Book Club

As a thank you to subscribers we have created a Make It Plain book club where we will explore new books and classic texts. In keeping with the ethos of Make it Plain we will be making recommendations as well as criticism. As part of the book club you will have access to:

  • A monthly feature on the website, highlighting a book to read, enjoy or critique.
  • Discounted tickets to event including our conversation between Dr Shola Mos-Shogbamimu and Kehinde Andrews about her new book This is Why I Resist: Don’t Define My Blackness on May 6th 7pm GMT online.
  • Access to 5 week online book club discussions that will focus on a particular book. We will run these 3 times a year.

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The Troubling Legacy of the Autobiography of Malcolm X

The power of autobiography is that it has shaped the public image of Malcolm X, but the book’s greatest legacy is its strongest weakness. The Malcolm we get from the Autobiography is good for posters, slogans and samples on hip hop records but little more. It is the watered down, made for TV Malcolm. Just enough to keep his credibility but nothing that will actually sustain his legacy. Subscribe below to read more.

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Some of these books about racism are not just bad, they are dangerous

There are so many books coming out about racism that it is difficult to keep up. As much as this may sound like progress there is a whole new genre of books that are not only bad but actually reduce our understanding of the problem. Don’t get me wrong there are some excellent new works that we will cover but unfortunately the worse they are the more copies they seem to sell. Isabel Wilkerson’s Caste is the perfect place to start because it has all the ingredients of the sour new recipe but also has its own distinct flavour.

On the plus side the book offers lots of historical examples of racism, filling in the gruesome details of abuses in the US, Nazi Germany and India that we often turn away from. Accounting for the true level of barbarity is essential if we ever hope to understand the nature of the threat. Unlike most of the new works there is also a focus on more than one country. A book about racism that is only about the US, UK or wherever the author lives will always be woefully incomplete. Racism is a global problem. But Caste manages to include Germany and India in such a US centric way that the internationalism is mere window dressing.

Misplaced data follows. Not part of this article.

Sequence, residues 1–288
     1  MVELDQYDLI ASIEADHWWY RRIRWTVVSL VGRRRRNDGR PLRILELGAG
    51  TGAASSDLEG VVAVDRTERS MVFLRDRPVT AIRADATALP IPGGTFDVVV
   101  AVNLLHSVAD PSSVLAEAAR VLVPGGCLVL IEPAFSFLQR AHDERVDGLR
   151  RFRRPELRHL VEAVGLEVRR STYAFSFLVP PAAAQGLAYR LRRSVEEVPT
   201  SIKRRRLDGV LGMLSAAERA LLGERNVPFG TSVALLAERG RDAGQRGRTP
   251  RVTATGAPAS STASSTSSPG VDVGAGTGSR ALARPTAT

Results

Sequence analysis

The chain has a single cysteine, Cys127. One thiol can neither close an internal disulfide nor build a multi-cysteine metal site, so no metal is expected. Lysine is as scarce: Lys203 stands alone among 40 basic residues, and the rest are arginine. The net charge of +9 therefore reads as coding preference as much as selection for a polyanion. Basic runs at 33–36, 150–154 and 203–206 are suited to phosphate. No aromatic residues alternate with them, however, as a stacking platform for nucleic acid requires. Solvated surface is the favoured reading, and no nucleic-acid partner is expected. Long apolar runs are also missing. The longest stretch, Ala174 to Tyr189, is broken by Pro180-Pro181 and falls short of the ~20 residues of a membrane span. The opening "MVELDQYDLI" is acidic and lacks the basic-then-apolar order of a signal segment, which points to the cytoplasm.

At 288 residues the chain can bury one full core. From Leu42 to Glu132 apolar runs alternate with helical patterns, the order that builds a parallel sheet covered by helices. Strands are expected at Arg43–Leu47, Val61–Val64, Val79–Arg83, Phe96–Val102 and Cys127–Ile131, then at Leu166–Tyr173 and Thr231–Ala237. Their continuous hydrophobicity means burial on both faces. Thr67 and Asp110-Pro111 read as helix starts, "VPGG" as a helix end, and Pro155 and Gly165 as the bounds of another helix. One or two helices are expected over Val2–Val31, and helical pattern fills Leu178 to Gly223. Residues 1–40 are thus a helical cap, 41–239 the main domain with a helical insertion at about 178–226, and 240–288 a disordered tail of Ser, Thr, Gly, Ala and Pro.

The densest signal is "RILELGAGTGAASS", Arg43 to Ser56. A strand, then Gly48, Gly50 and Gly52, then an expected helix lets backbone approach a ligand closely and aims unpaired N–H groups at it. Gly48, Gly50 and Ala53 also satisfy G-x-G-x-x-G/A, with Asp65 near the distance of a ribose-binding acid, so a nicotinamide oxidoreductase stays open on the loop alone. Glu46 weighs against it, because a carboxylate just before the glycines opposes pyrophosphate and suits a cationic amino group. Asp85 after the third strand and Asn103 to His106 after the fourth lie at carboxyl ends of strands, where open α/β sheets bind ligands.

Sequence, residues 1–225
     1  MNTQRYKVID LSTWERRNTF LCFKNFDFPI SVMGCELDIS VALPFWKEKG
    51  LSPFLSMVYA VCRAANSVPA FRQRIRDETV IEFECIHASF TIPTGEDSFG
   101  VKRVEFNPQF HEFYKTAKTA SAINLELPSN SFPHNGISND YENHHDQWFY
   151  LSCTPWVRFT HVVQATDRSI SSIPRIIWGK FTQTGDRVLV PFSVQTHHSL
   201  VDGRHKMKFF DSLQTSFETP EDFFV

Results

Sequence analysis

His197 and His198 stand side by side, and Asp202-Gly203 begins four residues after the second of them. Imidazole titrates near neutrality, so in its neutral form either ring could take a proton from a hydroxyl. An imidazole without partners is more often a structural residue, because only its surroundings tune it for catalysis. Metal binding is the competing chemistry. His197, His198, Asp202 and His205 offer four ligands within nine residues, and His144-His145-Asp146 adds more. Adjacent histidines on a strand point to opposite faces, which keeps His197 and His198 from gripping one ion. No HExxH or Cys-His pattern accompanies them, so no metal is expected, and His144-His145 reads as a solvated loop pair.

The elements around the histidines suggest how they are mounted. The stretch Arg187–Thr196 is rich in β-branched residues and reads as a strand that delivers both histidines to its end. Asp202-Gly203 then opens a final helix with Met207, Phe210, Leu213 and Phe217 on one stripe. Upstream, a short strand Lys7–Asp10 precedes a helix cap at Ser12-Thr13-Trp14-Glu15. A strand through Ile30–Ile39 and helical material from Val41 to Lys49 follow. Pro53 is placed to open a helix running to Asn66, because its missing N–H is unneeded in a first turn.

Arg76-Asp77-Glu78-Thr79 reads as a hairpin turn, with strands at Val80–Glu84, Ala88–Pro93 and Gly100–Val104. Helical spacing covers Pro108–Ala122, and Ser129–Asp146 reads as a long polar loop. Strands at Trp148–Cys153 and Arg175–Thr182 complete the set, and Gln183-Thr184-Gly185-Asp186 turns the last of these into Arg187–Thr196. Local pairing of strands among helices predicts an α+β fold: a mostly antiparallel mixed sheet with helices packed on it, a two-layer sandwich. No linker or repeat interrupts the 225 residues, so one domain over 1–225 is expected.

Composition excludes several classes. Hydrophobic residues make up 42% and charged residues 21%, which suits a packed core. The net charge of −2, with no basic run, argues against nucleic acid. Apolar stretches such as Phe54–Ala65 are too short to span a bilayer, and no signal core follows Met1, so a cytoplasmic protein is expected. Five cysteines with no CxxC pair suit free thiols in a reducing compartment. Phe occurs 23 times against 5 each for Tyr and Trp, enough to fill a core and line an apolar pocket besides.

The book presents the individual nations completely divorced from the global system that produced them. Wilkerson assures us that there is something unique about American slavery, even though only the minority of Africans were enslaved in the US. Not to mention that the original thirteen states were at first colonies of the British empire. The Nazis are presented as some kind of aberration within the nation as though their empire had not perfected the logic and mechanisms for the holocaust during their colonial atrocities in Namibia and Tanzania. India’s inclusion is an outlier given that the caste system there is completely distinct and not based on Western racism. It seems that it is only possible to view the supposed ‘other’ through the eyes of the West. Caste in India is a significant problem but predates Western racism by centuries and should be treated in its own right. The book also sidesteps the colonial brutality inflicted on India, using the same logic of racism at work in the US and Germany.

Caste stands apart from much of the genre because it refuses to name the problem racism. Wilkerson presents ‘caste’ as a somehow novel way to view the problem of racism in America, a better way to see and address the issues. The problem is that the idea does exactly the opposite. There is nothing in this book that has not been better explained by various schools of thought from Critical Race Theory, racial capitalism to Black radicalism. The framing removes the focus away from the structural and global nature of racism instead highlighting the different national systems that emerge to control the different populations.

The most obscene example in Caste, when I almost stopped reading, was Wilkerson’s dismissal that ‘there are no Black people in Africa’. In this narrow view it is the unique American system that creates Blackness as a caste that does not exist on the continent. Tell that to those fleeing economic catastrophe to cross the Sahara desert and drown in the Mediterranean. Tell that to the child being forced down a mine in Congo to find the minerals for you to read this piece on your device. Tell that to the Nigerians cut down by the police bullets of the SARS unit. As Malcolm reminds us ‘there is no American problem, but a world problem’, and sadly Caste manages to take us further way from the essential analysis that we need.

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